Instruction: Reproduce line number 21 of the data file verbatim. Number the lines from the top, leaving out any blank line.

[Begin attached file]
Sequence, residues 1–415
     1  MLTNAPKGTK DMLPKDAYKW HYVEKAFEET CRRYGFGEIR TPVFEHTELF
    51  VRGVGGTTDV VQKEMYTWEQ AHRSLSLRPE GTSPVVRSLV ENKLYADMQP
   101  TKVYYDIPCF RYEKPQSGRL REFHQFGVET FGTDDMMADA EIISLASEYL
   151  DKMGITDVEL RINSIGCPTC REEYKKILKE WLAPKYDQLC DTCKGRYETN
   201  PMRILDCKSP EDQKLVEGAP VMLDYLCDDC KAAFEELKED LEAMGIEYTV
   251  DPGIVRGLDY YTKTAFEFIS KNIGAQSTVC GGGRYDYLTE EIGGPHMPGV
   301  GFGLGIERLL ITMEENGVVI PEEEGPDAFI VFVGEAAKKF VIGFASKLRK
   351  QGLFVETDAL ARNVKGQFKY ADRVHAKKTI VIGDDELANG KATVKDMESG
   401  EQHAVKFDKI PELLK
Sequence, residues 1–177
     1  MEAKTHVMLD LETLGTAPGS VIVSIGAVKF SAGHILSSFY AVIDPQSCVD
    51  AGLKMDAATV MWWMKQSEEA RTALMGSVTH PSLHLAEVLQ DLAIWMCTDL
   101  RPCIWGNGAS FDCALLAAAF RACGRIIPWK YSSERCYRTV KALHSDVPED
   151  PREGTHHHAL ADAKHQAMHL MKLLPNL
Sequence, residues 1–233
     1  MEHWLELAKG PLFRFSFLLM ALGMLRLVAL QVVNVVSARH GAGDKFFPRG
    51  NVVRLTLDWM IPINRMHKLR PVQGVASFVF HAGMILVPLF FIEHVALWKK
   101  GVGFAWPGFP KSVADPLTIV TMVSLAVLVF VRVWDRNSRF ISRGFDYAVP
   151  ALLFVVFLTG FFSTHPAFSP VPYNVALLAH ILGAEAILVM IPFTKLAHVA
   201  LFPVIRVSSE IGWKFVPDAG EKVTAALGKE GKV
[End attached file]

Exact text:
   201  LFPVIRVSSE IGWKFVPDAG EKVTAALGKE GKV